The London Olympics cost, in fact, nearly 6 times more than Curiosity – not merely double as I’d thought – and we’re only talking about the money spent to stage the games.(iv) It’s plain that large amounts are poured into the Olympics from elsewhere as well, including every participating nation’s competition expenses, and not insubstantial amounts from all the bids made by countries attempting to secure the Games every four years. That’s a frikkin’ ginormous pile of cash for a sporting event. Even if you amortize the London expense over 4 years, the yearly figure still exceeds that of the Mars Science Lab mission. Of course if we permit that, it should be fair to amortize Curiosity’s cost over the Mars Science Lab program’s lifetime (9 years), making the contrast even greater and returning an expense to the US taxpayers of $277m per year (or, less than a dollar per person per year). For 2012/13 the Australian government has budgeted over 10 times that figure for sport.(v)

To put that per-person/per-dollar/per-year expense into perspective, Americans(vi) spent 4 times the cost of the Curiosity mission at the cinema in 2010(vii), and are spending something like $137 billion dollars a year on alcohol(viii) and somewhere in excess of 30 billion dollars a year on cigarettes. In 2011, the US government spent 313 billion dollars(ix) on ameliorating the problems caused by the abuse of all that alcohol & tobacco. And, while we’re on the subject of substance abuse, coming in at a staggering 30 billion dollars,(x) America’s so-called ‘War on Drugs’ costs the nation over 10 times the budget of Curiosity (or, nearly twice the annual NASA budget) every year and that is widely argued to be a complete waste of money.(xi)

I could, of course keep going with this – I haven’t touched on gambling, or government inefficiency, or tax breaks for religion or a half dozen other areas where large amounts of money seem to slush around without a proper degree of scrutiny. But what does all this mean, in the end?

For me, it’s simple. As humans we can, of course, choose to put our resources wherever we like. So far, I believe that choice has always leaned far too heavily towards the things at which animals are good – being the fittest, the strongest, the fastest. Or being the greediest, the most aggressive, the most dominant. It has not served us well. The result is that we have become powerful animals facing an existential crisis, and the traits that we carry as animals – the aggression, the greed, the power-mongering – are the exact opposite of what we need to get us out of this crisis. We are starting to encounter problems that we will not conquer by being fast, or strong or fit.(xii) Being better at animal things was once enough. Now it isn’t.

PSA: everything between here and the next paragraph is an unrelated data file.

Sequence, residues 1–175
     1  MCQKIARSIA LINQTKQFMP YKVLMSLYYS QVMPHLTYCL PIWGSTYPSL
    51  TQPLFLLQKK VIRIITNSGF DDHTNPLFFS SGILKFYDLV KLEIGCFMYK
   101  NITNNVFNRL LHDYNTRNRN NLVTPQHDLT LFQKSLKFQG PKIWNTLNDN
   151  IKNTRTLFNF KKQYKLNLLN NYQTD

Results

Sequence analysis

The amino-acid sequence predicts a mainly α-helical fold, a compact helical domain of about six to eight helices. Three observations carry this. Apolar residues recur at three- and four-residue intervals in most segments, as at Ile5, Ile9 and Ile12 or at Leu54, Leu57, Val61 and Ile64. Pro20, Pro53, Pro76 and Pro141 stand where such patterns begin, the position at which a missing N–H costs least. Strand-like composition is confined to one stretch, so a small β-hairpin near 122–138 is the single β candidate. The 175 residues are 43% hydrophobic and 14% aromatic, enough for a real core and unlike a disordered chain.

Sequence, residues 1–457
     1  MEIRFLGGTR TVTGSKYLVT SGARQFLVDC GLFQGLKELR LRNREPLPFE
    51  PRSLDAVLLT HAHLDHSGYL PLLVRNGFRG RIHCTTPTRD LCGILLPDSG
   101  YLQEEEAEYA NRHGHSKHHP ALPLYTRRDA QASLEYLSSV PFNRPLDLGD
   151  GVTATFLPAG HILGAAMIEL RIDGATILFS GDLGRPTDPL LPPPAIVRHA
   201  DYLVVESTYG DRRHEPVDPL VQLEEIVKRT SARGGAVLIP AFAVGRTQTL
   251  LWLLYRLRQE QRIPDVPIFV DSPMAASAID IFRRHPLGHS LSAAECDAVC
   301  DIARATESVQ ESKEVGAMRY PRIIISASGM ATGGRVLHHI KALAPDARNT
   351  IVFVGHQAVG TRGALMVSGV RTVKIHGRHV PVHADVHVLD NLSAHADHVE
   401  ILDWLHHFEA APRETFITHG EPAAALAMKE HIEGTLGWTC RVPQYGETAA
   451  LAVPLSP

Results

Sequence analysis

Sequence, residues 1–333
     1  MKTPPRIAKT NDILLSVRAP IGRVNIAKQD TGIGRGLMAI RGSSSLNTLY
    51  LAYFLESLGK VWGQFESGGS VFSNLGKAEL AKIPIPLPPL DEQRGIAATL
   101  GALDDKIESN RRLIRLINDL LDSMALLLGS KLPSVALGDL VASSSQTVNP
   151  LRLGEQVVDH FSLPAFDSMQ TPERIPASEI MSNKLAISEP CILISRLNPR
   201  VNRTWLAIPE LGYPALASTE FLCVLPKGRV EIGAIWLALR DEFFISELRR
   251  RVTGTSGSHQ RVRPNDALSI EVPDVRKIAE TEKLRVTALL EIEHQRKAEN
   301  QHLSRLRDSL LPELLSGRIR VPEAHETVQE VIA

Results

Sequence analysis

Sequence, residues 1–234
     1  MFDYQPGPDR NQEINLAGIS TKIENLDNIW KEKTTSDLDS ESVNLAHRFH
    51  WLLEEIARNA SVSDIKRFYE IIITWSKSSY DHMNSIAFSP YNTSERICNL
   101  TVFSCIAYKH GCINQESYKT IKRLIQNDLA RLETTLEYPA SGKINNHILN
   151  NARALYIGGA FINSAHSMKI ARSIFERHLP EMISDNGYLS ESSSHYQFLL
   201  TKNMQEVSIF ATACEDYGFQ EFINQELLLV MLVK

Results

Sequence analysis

The things that humans alone are good at – the things that our brains enable us to do such as imagining the possibilities of the future, pondering the poetry of our existence, turning our curious gaze onto the mechanics of the very universe itself – occupy the very tiniest parts of the minds of most people (and therefore most governments). This ability that humans have to plan for the future by creating a mental vision of it is more-or-less nonexistant in all other animals.(xiii) So what do we do to the people who are very good at this kind of inspirational far-thinking? We vilify and undervalue them. When they tell us ‘There is a big problem with the climate and we should do something about it!’ the powerful apes get up on their boxes and beat their chests, so that they might remain popular and powerful, and the greedy apes use all the cunning that their superior brain has given them to make arguments that everything is OK and we should all just kick back and consume, and the fit and fast apes run around entertaining everyone. If we cannot use the leverage that nature has given us to come to terms with the world-destroying problems we now face, we are truly doomed. We have squandered the one advantage that we have over other animals. Our difference will have enabled us to wipe ourselves out, rather than allowed us to achieve that future which we alone can imagine.